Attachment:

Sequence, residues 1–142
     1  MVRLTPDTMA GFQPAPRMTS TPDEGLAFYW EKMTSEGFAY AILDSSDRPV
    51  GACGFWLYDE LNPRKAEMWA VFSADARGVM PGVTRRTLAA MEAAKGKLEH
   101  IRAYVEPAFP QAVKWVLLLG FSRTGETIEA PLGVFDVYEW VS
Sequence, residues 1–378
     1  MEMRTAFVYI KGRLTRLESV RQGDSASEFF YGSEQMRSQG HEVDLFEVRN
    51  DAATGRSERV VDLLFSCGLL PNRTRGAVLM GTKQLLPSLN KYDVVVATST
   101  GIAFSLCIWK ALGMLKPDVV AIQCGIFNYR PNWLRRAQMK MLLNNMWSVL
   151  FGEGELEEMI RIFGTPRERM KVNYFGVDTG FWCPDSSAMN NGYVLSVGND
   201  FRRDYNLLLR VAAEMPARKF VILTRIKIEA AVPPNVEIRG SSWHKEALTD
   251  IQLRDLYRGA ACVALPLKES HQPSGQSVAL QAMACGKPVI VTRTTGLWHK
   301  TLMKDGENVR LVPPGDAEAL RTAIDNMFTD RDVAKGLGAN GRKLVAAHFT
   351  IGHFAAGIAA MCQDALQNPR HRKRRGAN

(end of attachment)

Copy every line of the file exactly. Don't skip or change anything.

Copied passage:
Sequence, residues 1–142
     1  MVRLTPDTMA GFQPAPRMTS TPDEGLAFYW EKMTSEGFAY AILDSSDRPV
    51  GACGFWLYDE LNPRKAEMWA VFSADARGVM PGVTRRTLAA MEAAKGKLEH
   101  IRAYVEPAFP QAVKWVLLLG FSRTGETIEA PLGVFDVYEW VS
Sequence, residues 1–378
     1  MEMRTAFVYI KGRLTRLESV RQGDSASEFF YGSEQMRSQG HEVDLFEVRN
    51  DAATGRSERV VDLLFSCGLL PNRTRGAVLM GTKQLLPSLN KYDVVVATST
   101  GIAFSLCIWK ALGMLKPDVV AIQCGIFNYR PNWLRRAQMK MLLNNMWSVL
   151  FGEGELEEMI RIFGTPRERM KVNYFGVDTG FWCPDSSAMN NGYVLSVGND
   201  FRRDYNLLLR VAAEMPARKF VILTRIKIEA AVPPNVEIRG SSWHKEALTD
   251  IQLRDLYRGA ACVALPLKES HQPSGQSVAL QAMACGKPVI VTRTTGLWHK
   301  TLMKDGENVR LVPPGDAEAL RTAIDNMFTD RDVAKGLGAN GRKLVAAHFT
   351  IGHFAAGIAA MCQDALQNPR HRKRRGAN